Fred Pace email@example.com
October 3, 2013
MADISON – New Boone County Schools Director of Safe Schools and Special Program Tony Tagliente says safety continues to be a top priority for the local public school system.
“Emergencies can happen at any time,” Tagliente said. “We can’t eliminate senseless acts of violence or evil, but we can be prepared and we can be ready.”
This year the school system has developed a modified “Code Red” system they are calling “Code Yellow.”
“Code Red was a total lockdown of the school,” Tagilente explained. “Code Yellow is implemented when there is a threat or potential threat outside of the building.”
Under Code Yellow all exterior and interior doors are locked, security is increased at the main entrance of the building, visitors are screened, hall remain clear and school or county emergency teams will clear halls, areas are scanned and direct students and staff to classrooms and workspace. However, classroom instruction and work will continue.”
Tagliente said Code Red calls for a total lockdown of the school and classrooms and students are moved away from doors and windows and kept quiet until the “all clear” signal has been given.
“All schools in the county will be training and practicing Code Yellow and Code Red drills,” he said. “Safety teams are at schools now training, teaching and preparing for any possible situation.”
Tagliente also outlined access control audits, which includes a functional school safety committee made up of administrators, teachers, service personnel, students, parents and 911 responders.
“We go over planning, reaction, detection, delay and communications with these audits,” he said. “School safety is a top priority for Boone County Schools.”
Tagliente also encouraged the community to make use of the West Virginia Safe Schools Helpline, which is a toll-free telephone number that is staffed 24 hours a day, seven days a week.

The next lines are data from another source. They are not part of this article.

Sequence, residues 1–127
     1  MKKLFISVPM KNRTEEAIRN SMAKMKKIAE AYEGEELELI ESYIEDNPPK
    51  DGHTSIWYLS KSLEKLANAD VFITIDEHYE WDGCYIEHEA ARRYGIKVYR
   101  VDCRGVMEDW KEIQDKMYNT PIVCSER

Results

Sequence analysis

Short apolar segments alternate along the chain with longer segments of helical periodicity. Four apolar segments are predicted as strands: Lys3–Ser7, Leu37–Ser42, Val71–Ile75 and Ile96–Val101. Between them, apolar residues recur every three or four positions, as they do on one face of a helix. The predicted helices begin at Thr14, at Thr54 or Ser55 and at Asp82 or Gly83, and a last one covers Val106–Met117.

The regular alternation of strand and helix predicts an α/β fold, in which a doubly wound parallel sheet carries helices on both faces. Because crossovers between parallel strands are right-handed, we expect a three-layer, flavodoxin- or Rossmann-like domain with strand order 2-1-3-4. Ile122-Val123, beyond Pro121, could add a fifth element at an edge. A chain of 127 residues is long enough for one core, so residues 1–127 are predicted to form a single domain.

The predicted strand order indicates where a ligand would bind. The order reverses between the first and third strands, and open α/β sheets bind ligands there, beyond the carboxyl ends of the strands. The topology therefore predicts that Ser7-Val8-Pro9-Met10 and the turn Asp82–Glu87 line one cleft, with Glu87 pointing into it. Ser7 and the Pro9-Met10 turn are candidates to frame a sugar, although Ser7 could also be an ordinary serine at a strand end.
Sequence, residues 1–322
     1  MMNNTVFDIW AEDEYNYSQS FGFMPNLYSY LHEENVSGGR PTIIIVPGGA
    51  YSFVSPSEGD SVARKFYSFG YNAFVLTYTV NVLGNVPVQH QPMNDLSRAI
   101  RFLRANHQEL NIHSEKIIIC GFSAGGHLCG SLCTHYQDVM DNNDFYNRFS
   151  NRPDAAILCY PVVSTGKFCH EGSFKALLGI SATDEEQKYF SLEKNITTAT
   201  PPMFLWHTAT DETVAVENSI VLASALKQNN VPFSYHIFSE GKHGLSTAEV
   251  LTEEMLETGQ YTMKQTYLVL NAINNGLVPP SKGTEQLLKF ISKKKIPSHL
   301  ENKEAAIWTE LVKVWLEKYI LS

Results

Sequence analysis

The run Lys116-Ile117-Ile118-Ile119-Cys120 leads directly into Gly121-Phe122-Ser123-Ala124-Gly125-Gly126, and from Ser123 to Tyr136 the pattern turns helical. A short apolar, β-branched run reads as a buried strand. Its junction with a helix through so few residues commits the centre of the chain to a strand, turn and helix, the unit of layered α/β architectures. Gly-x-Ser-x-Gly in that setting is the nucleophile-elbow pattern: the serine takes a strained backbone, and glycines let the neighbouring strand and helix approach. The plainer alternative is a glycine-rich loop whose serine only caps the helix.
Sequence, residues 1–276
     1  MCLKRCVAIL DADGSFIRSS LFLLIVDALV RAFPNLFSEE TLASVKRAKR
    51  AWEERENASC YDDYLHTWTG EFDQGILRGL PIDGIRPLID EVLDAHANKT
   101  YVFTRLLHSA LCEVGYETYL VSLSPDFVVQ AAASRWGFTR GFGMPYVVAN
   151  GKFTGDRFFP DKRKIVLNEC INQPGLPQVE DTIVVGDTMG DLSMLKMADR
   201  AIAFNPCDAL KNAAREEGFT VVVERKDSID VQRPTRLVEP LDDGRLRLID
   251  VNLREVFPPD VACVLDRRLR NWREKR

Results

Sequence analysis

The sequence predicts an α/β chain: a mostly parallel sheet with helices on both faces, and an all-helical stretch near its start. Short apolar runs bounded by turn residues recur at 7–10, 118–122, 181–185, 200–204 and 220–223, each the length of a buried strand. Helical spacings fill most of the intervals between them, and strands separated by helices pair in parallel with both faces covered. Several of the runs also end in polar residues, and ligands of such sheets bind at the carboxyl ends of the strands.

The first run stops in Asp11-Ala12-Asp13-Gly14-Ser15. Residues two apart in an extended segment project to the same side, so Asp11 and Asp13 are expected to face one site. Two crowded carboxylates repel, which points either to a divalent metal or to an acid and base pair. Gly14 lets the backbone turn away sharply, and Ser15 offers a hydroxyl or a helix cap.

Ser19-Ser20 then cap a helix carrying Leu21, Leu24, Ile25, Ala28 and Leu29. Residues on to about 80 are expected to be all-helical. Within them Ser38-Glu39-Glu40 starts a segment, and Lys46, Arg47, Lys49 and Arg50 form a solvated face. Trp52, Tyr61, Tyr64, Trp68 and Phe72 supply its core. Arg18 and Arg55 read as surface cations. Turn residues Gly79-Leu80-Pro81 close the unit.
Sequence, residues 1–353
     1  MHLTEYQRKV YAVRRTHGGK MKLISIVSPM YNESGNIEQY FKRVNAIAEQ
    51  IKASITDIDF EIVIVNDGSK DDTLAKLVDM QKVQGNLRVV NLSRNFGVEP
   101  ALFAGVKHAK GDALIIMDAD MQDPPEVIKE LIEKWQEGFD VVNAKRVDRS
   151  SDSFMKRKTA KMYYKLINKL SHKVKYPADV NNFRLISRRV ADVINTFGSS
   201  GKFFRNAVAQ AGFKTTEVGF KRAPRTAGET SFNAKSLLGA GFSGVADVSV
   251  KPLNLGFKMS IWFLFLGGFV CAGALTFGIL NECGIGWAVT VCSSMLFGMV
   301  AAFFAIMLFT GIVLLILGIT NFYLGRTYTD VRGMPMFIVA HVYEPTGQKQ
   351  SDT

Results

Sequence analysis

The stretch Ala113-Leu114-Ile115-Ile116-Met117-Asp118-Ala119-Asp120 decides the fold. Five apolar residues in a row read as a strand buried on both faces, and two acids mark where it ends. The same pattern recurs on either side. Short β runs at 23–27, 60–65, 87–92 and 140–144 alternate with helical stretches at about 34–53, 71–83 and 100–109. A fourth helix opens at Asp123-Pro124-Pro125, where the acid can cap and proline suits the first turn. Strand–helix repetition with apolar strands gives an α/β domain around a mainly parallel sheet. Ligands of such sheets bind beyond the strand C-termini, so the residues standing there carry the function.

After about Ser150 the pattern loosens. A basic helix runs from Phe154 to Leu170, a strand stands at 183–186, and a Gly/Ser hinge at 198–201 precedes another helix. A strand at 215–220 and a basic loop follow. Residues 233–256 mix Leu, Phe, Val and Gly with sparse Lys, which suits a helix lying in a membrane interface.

“It’s a statewide number, so no matter what school the information concerns or where you are located when calling, it’s the same number,” he said. “It’s anonymous and your identity will always be protected and remain private.”
Tagliente said the kind of information that should be reported includes anything that could harm students, staff or property. Some examples include violence, weapons, threats, drug or alcohol abuse, sexual harassment and theft or property damage.
“The Helpline is here for everyone,” he said. “It’s here for students, parents, teachers, school staff, neighbors, administrators and community members.”
Each call is issued a reference number. After three school days, a person that made the initial report can call the Helpline back and provide the reference number and the operator will give a status report on actions taken based on the information reported.
“Children must feel safe in order to focus on learning,” Tagliente said. “It is all of our responsibility to help keep our schools and communities safe.”
The toll-free Helpline number is 1-866-SAFE-WVA or 1-866-723-3982.
Some other important and helpful telephone numbers include:
• WV Division of Homeland Security and Emergency Management at 304-558-5380
• WV State Police at 304-746-2100
• Child & Adult Abuse Hotline at 1-800-352-6513
• Hate Crimes Hotline at 1-888-676-5546
• Suicide Prevention Hotline at 1-800-273-8255
• Drug Abuse and Referrel Hotline at 1-800-662-4357